Tax breaks were a 'disaster' for rural housing industry
JUST a few short years ago, it was marketed as perfect for commuters seeking a country lifestyle within reach of the city.
Lucrative tax breaks helped build hundreds of new homes for people hoping to commute to Dublin, but how things have changed in Longford.
Today, the midlands county has the slowest property market in the State, with just 146 houses and apartments sold so far this year.
Data from the Property Price Register shows that the average house sold for just €94,987 – it's better than the €87,566 average in Roscommon, but the neighbouring county saw 285 completed sales.
Auctioneer Jonathan Quinn, from Quinn Brothers in Longford town, says the tax breaks which allowed so much housing to be built were a "disaster".
They resulted in so many empty units across the county that banks and receivers are selling them at very low prices.
"There was a good house on sale for €135,000, and there was a bid of €120,000 on it," he explains. "The bank put an exact one (in the same development) up for sale for €90,000 which sold for €95,000. It was the same person who put in the bid for €120,000.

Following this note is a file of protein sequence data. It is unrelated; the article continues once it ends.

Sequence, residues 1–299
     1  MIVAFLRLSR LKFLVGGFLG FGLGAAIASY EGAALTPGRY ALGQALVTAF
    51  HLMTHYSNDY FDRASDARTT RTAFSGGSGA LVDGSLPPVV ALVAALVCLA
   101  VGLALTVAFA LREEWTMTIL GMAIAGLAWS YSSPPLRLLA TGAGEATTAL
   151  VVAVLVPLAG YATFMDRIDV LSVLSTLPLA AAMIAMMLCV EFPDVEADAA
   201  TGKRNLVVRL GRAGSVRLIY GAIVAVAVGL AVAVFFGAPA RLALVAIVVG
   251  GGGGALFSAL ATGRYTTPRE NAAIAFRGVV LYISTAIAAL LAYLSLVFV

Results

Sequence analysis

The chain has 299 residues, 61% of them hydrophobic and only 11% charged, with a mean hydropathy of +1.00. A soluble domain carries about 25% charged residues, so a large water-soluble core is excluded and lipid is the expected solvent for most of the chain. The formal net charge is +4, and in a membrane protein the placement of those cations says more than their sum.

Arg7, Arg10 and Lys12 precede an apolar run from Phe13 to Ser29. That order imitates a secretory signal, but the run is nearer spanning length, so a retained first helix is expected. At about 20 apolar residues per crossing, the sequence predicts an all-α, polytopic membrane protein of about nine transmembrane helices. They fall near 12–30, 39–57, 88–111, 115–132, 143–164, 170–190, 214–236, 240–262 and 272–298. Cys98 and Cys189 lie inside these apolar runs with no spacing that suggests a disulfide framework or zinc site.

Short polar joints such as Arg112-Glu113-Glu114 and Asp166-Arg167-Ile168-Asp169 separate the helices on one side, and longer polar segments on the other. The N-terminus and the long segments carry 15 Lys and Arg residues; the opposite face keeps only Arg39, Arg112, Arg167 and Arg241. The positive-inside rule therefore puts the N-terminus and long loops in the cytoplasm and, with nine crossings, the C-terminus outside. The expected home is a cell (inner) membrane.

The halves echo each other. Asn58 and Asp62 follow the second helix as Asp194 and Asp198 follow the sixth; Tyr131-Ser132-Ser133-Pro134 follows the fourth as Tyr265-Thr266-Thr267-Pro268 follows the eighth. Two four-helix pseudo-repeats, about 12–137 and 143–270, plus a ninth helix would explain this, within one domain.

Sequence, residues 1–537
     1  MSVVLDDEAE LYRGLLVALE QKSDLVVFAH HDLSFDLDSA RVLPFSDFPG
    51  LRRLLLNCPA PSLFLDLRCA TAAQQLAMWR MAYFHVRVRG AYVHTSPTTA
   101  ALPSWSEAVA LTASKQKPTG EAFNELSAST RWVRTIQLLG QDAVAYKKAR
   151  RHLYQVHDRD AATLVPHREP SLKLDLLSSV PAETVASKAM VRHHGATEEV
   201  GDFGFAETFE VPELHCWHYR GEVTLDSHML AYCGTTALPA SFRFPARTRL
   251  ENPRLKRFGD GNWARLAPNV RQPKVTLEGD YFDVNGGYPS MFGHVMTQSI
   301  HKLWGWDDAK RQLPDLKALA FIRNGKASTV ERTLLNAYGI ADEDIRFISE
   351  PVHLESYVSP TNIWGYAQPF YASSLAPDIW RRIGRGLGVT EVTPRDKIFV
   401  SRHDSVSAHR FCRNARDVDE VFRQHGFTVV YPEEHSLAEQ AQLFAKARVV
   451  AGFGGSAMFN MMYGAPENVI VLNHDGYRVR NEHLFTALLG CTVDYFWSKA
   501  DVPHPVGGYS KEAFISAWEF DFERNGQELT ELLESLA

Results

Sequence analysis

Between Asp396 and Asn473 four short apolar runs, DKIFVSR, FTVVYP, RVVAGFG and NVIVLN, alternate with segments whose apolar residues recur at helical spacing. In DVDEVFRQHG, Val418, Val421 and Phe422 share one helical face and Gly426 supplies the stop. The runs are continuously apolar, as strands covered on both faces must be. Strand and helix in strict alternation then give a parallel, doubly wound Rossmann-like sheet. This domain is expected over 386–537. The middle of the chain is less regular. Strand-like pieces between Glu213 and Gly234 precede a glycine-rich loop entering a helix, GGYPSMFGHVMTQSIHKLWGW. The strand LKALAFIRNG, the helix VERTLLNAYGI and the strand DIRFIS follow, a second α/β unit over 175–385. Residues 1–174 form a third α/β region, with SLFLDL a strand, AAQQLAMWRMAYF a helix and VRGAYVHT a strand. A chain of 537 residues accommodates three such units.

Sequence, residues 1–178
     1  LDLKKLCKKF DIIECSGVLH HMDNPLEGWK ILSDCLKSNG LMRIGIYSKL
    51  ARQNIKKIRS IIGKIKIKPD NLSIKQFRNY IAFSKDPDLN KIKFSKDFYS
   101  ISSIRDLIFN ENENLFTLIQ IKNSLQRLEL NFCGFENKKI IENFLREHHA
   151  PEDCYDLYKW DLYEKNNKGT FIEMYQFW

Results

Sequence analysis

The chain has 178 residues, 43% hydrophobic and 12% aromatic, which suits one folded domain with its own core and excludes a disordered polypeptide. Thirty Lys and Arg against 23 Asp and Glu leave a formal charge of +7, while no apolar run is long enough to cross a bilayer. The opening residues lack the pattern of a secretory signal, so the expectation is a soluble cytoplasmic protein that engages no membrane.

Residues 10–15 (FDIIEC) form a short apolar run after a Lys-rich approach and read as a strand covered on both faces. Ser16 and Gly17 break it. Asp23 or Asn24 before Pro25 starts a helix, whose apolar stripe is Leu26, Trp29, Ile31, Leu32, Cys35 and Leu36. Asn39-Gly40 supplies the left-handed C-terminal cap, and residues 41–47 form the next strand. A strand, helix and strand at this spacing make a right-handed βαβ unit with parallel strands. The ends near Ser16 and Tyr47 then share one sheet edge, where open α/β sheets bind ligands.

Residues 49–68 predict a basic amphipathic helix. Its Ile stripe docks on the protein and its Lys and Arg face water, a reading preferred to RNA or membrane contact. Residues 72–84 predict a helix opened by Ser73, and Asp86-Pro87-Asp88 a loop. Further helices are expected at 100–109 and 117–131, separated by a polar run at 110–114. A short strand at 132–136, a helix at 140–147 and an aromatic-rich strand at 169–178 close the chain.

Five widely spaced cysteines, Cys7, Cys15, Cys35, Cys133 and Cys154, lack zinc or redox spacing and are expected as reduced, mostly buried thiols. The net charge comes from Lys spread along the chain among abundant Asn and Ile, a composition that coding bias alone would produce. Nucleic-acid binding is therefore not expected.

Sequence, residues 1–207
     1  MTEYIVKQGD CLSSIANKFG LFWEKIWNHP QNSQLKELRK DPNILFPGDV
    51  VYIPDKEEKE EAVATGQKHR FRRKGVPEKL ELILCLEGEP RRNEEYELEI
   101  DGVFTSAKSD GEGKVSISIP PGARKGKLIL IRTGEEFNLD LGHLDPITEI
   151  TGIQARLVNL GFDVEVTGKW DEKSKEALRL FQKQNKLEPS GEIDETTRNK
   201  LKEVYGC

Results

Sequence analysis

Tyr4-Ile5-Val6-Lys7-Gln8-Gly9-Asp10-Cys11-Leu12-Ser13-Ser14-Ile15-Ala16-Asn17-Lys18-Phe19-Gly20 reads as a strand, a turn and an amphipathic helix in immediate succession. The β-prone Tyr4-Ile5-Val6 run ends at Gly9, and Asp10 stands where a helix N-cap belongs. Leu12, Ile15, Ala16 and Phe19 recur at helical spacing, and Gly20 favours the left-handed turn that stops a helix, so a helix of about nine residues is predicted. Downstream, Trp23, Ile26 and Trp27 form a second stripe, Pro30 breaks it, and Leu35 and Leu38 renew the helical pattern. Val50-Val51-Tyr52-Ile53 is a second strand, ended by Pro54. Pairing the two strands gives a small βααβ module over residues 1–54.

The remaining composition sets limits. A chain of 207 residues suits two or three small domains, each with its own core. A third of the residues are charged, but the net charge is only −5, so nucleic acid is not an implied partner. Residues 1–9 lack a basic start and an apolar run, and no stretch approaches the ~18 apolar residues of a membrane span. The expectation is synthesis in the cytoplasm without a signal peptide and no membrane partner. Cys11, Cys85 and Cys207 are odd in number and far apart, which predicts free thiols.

"The tax incentives were a disaster because there was a lot of investor-led development which led to an overhang of houses and apartments. There's been repossession and receivership sales, which set new lows each time. It's put a scare on the market."
The market is still "very slow", he says, and prices have fallen dramatically, up to 50pc from the height of the boom.
There is a shortage of one-off family homes, but things are improving.
The number of viewings is increasing, while people do seem to be able to secure mortgages.
"We have felt we have reached a floor for about the last 18 months," he adds.
It's not just Longford that has a very weak market. The Property Price Register data also shows that just 148 homes were sold in Monaghan, 160 in Leitrim, 189 in Carlow and 247 in Cavan.